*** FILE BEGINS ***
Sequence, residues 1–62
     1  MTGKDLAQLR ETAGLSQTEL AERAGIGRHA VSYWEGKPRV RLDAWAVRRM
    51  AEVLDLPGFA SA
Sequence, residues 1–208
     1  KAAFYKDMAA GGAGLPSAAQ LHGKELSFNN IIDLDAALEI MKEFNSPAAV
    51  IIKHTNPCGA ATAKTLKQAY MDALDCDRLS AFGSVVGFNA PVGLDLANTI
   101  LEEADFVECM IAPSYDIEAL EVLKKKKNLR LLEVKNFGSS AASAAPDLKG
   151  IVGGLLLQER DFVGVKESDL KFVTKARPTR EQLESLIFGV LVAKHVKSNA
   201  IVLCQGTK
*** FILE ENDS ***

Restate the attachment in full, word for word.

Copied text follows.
Sequence, residues 1–62
     1  MTGKDLAQLR ETAGLSQTEL AERAGIGRHA VSYWEGKPRV RLDAWAVRRM
    51  AEVLDLPGFA SA
Sequence, residues 1–208
     1  KAAFYKDMAA GGAGLPSAAQ LHGKELSFNN IIDLDAALEI MKEFNSPAAV
    51  IIKHTNPCGA ATAKTLKQAY MDALDCDRLS AFGSVVGFNA PVGLDLANTI
   101  LEEADFVECM IAPSYDIEAL EVLKKKKNLR LLEVKNFGSS AASAAPDLKG
   151  IVGGLLLQER DFVGVKESDL KFVTKARPTR EQLESLIFGV LVAKHVKSNA
   201  IVLCQGTK